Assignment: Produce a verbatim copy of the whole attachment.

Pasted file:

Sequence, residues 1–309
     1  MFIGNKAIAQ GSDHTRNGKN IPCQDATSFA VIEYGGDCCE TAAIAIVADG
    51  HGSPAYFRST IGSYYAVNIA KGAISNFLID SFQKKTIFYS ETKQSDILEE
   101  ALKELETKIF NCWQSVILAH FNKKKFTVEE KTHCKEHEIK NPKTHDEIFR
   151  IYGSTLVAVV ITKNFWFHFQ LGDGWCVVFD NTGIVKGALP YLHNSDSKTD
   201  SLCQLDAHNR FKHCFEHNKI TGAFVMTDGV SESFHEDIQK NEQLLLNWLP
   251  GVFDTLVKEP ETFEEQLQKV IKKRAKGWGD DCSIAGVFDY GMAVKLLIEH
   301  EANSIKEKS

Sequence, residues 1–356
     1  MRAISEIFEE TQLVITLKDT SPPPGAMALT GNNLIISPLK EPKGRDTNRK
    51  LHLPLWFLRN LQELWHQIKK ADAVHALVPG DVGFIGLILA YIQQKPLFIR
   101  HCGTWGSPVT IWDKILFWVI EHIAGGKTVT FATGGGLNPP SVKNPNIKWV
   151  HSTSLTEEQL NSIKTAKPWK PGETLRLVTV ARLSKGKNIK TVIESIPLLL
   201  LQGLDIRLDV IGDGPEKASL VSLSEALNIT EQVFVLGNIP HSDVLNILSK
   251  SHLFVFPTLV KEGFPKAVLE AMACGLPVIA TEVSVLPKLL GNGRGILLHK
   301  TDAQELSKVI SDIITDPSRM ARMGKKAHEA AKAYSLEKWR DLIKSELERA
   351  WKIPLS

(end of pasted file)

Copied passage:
Sequence, residues 1–309
     1  MFIGNKAIAQ GSDHTRNGKN IPCQDATSFA VIEYGGDCCE TAAIAIVADG
    51  HGSPAYFRST IGSYYAVNIA KGAISNFLID SFQKKTIFYS ETKQSDILEE
   101  ALKELETKIF NCWQSVILAH FNKKKFTVEE KTHCKEHEIK NPKTHDEIFR
   151  IYGSTLVAVV ITKNFWFHFQ LGDGWCVVFD NTGIVKGALP YLHNSDSKTD
   201  SLCQLDAHNR FKHCFEHNKI TGAFVMTDGV SESFHEDIQK NEQLLLNWLP
   251  GVFDTLVKEP ETFEEQLQKV IKKRAKGWGD DCSIAGVFDY GMAVKLLIEH
   301  EANSIKEKS

Sequence, residues 1–356
     1  MRAISEIFEE TQLVITLKDT SPPPGAMALT GNNLIISPLK EPKGRDTNRK
    51  LHLPLWFLRN LQELWHQIKK ADAVHALVPG DVGFIGLILA YIQQKPLFIR
   101  HCGTWGSPVT IWDKILFWVI EHIAGGKTVT FATGGGLNPP SVKNPNIKWV
   151  HSTSLTEEQL NSIKTAKPWK PGETLRLVTV ARLSKGKNIK TVIESIPLLL
   201  LQGLDIRLDV IGDGPEKASL VSLSEALNIT EQVFVLGNIP HSDVLNILSK
   251  SHLFVFPTLV KEGFPKAVLE AMACGLPVIA TEVSVLPKLL GNGRGILLHK
   301  TDAQELSKVI SDIITDPSRM ARMGKKAHEA AKAYSLEKWR DLIKSELERA
   351  WKIPLS